de.velopmind | The Det about Programming

January 23, 2011

Guice 2.0 Multibinder + Java ServiceLoader = Plugin mechanism

Filed under: Java — Tags: — de.velopmind @ 12:47 am

Currently I have the task to extend an existing legacy Java Swing client with a plugin mechanism. As I hadn’t looked into this topic before, I tried to get an idea about the possibilities and what others do.

The first things to explore when talking about Java and Plugin are surely the IDEs like Eclipse and Netbeans, as for them the plugins are an elementary part, and so they should show how to do it right.

While Eclipse has an elaborated but quite obscure extension mechanism, Netbeans uses a proprietary lookup mechanism, which is an advanced version of the standard ServiceLoader feature.

This ServiceLoader, standard part of Java 6, is the simples approach to extensibility. Some part of the Software (the consumer) defines an Interface, which another part (the provider) must implement.

Then the consumer uses the ServiceLoader API to get all classes which implement that interface, and here we are.

The lookup is really simple: The provider contains in its Jar a directory named META-INF/services. In that there is a text file which is named like the fully qualified name of the interface (without any file extension). The file contains now the fully qualified name of the implementing class in this jar.

So you only have to throw that jar somewhere into the classpath of the application, and the consumer will get an instance of the implementing class.

And just here are the limitations of this approach:

  • Every lookup retrieves a new instance.
  • Every instance is constructed via its parameterless default constructor.

That’s it. As the name ServiceLoader may suggest, this mechanism is meant for loading services, not plugins.  And in its simplest form it is for stateless services. To overcome this last limitation, one would have to wrap the service loading into a singleton of a special service class which keeps the dependency to the implementing class hidden.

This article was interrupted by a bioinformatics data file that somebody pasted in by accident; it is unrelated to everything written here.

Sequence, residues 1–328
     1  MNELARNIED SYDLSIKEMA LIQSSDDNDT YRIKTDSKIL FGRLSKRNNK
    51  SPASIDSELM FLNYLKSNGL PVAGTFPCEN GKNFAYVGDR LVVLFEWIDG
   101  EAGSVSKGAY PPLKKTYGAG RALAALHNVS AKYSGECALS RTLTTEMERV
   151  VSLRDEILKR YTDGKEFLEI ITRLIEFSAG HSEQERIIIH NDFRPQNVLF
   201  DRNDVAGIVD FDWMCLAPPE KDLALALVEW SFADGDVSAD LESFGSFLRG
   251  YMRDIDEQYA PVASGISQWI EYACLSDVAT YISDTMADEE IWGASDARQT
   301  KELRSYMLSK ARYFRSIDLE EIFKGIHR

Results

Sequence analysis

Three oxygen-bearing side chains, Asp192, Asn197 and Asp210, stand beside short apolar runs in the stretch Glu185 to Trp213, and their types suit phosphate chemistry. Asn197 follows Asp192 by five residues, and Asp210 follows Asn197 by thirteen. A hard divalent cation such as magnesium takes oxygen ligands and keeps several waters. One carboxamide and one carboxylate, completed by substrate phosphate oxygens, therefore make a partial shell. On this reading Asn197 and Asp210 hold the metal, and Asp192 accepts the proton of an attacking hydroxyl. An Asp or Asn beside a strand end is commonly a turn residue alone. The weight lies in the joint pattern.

This seems not to be helpful so far.

Now, when we talk about plugins, we talk about Dependency Injection, and there are already nice solutions for that, for example Googles Guice, which is currently in its version 2.0,  but with 3.0 on the way, which will be based on the new JSR-330 specification,  now becoming the standard for DI in Javaland.

Guice is  a very nice thing.  DI is handled solely by annotations of classes and consuming constructors, methods or fields.

As injected instances can themselves depend on injections, and as we can declare Providers (say: factories), this system is very flexible and able to work with parameterised constructors, singleton instances and so on.

So even in complex situations Guice can provide  valid object trees.

Guice also  provides a nice Java API to declare the bindings from interface to implementation.  And here we have two problems :

  1. The standard approach is indeed, to inject the implementation for a required interface, not all of them.
  2. The configuration is provided in a Java class which inherits from Guice’s Module and implements the configure() method.  Reconfigure means: recompile.

The first problem is already addressed by the Multibinder, which was new in Guice 2.0.  With this binding approach, different providing jars can implement an interface, register the binding, and a consumer can get all the implementations. This allows for real extension points and extensions.

But Plugin is even more: It is the possibility to plug some extension in, so to configure the application on customer site, not at compile time.

As the Guice wiki states:

Finally we must register the plugins themselves. The simplest mechanism to do so is to list them programatically:

public class PrettyTweets {
  public static void main(String[] args) {
    Injector injector = Guice.createInjector(
        new GoogleMapsPluginModule(),
        new BitlyPluginModule(),
        new FlickrPluginModule()
        ...
    );

    injector.getInstance(Frontend.class).start();
  }
}

If it is infeasible to recompile each time the plugin set changes, the list of plugin modules can be loaded from a configuration file.

Unfortunately the wiki forgot to say how. This may be left as a task to the reader.

Well, to allow for extensibility on customer site, a plugin jar would have to be put into the classpath and explored on startup. And yes, there is some work for that on the way: Guice Automatic Injection , by Daniel Manzke, which will bring the big right solution.

But wait, in the meantime there can be a simpler solution. If we look at the main method code above, which depicts the standard Guice startup, we see that all Module classes are created by their parameterless default constructor.  But wasn’t that exactly for what ServerLoader was useful for?

Indeed now we see a feasible architecture for our plugin mechanism.